Pigeons are easy to keep, too. A 4×4-foot, head-high closet in your garage is big enough to house half a dozen birds; an 8×8-foot space will keep more than you’ll ever need. Fresh water, a pan of grit, and a diet of cracked corn or mixed grains is all pigeons require for nourishment.
A 4-inch-wide board mounted high along one wall of the coop provides roosting space. If you also install a couple of 1x1x1-foot wooden boxes on a high shelf along one wall, pigeons will nest and reproduce in them, keeping you supplied with new birds even if some are lost to hawks or other predators. If you turn your birds out for a flight period each day before feeding them, they will become strong fliers and will be quick to return to their coop at feeding time. The only special piece of equipment you’ll need is a one-way entry gate that locks the birds in once they have returned to the coop. These are available through dog-training supply catalogs such as Scott’s Dog Supply (Dept. FS, 9252 Crawfordsville Rd., Indianapolis, IN 46234; 800-966-3647; www.scottsdog.com).
Pigeons that are to be used for dog training can often be purchased inexpensively as culls from people who race homing pigeons. (You may be able to locate racers through feed stores.) Dog trainers and field trialers can usually help you find a local pigeon source, too.
If that doesn’t work, consider catching your own. Feed stores, dairy farms, and grain elevators often have resident feral pigeons that are considered nuisances, and the owners are usually delighted to get rid of some. Use cracked corn to lure pigeons into a wire pigeon trap in an elevated location, or catch young ones from their roosts at night when they are easy to approach by using a ladder, a flashlight, and a long-handled fish-landing net.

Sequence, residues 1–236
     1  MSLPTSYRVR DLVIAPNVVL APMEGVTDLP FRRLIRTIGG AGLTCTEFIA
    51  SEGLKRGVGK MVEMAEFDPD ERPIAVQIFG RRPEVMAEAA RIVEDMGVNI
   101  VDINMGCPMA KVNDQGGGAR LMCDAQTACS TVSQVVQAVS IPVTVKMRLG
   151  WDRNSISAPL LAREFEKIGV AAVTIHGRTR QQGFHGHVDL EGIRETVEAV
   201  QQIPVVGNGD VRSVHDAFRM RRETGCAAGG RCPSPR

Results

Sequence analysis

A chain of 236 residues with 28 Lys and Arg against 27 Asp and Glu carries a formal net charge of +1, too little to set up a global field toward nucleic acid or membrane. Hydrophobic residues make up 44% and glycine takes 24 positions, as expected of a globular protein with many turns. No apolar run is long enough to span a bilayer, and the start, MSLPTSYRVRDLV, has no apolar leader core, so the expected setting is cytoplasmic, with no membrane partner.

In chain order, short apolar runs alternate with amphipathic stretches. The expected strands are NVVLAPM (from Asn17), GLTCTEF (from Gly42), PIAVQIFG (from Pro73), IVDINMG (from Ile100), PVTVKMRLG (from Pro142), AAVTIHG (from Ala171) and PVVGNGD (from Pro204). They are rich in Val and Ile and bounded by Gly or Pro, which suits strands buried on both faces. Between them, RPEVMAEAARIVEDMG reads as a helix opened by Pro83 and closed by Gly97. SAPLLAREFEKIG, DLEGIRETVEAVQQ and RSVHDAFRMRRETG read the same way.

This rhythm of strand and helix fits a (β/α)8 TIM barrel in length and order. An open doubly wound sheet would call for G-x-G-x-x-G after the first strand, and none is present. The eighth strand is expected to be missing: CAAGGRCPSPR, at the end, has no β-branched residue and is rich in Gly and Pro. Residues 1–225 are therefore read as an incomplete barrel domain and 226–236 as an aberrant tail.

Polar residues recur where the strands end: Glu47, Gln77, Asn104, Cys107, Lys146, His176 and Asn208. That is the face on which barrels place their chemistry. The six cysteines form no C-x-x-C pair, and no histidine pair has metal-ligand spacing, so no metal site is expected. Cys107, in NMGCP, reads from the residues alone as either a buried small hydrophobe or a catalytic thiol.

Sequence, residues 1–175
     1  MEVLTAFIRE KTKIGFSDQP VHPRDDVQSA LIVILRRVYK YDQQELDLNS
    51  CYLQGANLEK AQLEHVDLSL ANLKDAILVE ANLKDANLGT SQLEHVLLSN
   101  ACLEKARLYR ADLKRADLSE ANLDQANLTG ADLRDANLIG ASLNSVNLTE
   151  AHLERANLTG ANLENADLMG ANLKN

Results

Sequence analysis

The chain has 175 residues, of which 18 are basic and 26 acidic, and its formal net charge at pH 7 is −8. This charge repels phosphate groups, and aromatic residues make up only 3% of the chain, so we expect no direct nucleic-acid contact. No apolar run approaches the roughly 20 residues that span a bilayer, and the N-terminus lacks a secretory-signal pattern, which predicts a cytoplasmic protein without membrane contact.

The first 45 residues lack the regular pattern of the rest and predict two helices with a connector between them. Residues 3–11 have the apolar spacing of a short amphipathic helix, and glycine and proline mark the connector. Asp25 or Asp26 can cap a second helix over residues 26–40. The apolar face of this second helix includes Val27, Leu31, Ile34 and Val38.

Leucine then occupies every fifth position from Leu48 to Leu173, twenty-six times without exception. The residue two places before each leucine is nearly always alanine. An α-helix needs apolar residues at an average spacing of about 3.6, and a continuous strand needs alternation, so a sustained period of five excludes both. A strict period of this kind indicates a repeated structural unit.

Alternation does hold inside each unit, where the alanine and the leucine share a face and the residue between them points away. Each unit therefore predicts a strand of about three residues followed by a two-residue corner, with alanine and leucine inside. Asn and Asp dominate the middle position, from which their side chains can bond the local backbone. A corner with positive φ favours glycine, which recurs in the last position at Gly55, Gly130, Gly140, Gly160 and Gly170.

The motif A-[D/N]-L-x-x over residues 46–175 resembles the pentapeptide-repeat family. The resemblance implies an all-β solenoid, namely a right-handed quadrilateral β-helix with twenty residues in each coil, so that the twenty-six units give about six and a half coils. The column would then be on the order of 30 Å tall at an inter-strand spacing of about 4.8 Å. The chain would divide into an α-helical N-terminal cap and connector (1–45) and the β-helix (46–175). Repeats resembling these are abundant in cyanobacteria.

It’s best to begin with young birds that have not yet learned to fly. Those that learn to fly from your coop will always consider it home and will raise their offspring to return to it as well. If you can only get older birds, you’ll have to clip their flight feathers to prevent them from flying until after they have reproduced and raised young in your coop. Once they have babies there, they will not leave and may then be allowed to fly and be used for dog training.